During and after
In September 1951 the ANZUS (Australia-New Zealand-United States of America) pact was signed. Coming into effect in 1952 the ANZUS pact meant that the three countries would consult with each other if there was a threat to security in the Pacific region.
A dispute in 1984 over American nuclear-powered ships visiting
ANZUS is now a bilateral pact aiming at the practical cooperation of intelligence, defence technologies, and logistics support and arrangements. The ANZUS treaty has seen Australian and American defence forces fighting alongside each other during the Korean War, the Vietnam War, both of the Gulf Wars, and in
ASEAN Regional Forum
Defence links are reflected further in Australia's treaties and agreements with South-East Asian countries. These include participation in the Association of Southeast Asian Nations (ASEAN), which was to replace older efforts to establish regional organisations such as FPDA. Today it is the region's only security forum in which most Asia-Pacific countries meet to discuss related issues. The group includes Burma, Brunei Darussalam, Cambodia, Indonesia, Laos, Malaysia, Philippines, Singapore, Thailand and Vietnam. Australia works with ASEAN as a dialogue partner in expanding its security links and looking at the region's non-military defence issues such as illegal immigrants, refugees, trans-national crime and piracy, environmental protection and counter-terrorism. ASEAN members aim at cooperation in these areas not as a military pact but in reliance on diplomatic means to settle defence disputes.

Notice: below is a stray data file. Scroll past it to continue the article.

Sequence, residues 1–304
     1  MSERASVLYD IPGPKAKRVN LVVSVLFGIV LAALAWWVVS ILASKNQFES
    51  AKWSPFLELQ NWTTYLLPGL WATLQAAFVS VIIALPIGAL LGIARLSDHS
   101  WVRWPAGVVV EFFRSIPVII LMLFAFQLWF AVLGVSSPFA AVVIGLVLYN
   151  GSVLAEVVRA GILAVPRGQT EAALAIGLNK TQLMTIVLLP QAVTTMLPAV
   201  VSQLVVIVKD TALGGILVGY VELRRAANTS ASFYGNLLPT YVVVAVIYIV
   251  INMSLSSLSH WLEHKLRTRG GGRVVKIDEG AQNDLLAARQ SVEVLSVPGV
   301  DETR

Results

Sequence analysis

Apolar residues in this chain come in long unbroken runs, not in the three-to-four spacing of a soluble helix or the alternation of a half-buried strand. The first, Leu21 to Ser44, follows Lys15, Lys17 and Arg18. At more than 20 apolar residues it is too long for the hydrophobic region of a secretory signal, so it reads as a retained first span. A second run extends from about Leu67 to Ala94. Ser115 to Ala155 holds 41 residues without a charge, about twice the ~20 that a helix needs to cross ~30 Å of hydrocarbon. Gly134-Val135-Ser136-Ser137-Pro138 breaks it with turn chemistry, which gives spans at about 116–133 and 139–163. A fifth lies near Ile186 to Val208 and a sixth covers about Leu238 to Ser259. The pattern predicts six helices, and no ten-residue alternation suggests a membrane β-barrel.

Australia's defence forces have contributed to regional peacekeeping by serving in combat operations and acting as UN and multinational peacekeepers and observers. An example of this is Australia's deployment of a UN multinational force of more than 5000 Australian and 4500 overseas troops to East Timor at its break for independence from Indonesia. Another example is Australia's involvement in the Regional Assistance Mission to Solomon Islands with an Australian military contingent and Australian Federal Police and military personnel from Fiji, New Zealand, Papua New Guinea and Tonga. Australia has also served in regional peacekeeping and humanitarian projects in Bougainville, Cambodia and Indonesia.
In recent years Australia's strategic environment has changed in the wake of the increased threat of terrorism and the proliferation of weapons of mass destruction in countries seen to be hostile to regional allies. Australia has signed agreements on the issues of international terrorism with Indonesia, Malaysia, Thailand and Brunei, aiming to continue negotiations with other governments with diplomatic, legislative, police and intelligence cooperation. It has also offered assistance in direct military involvement and border controls.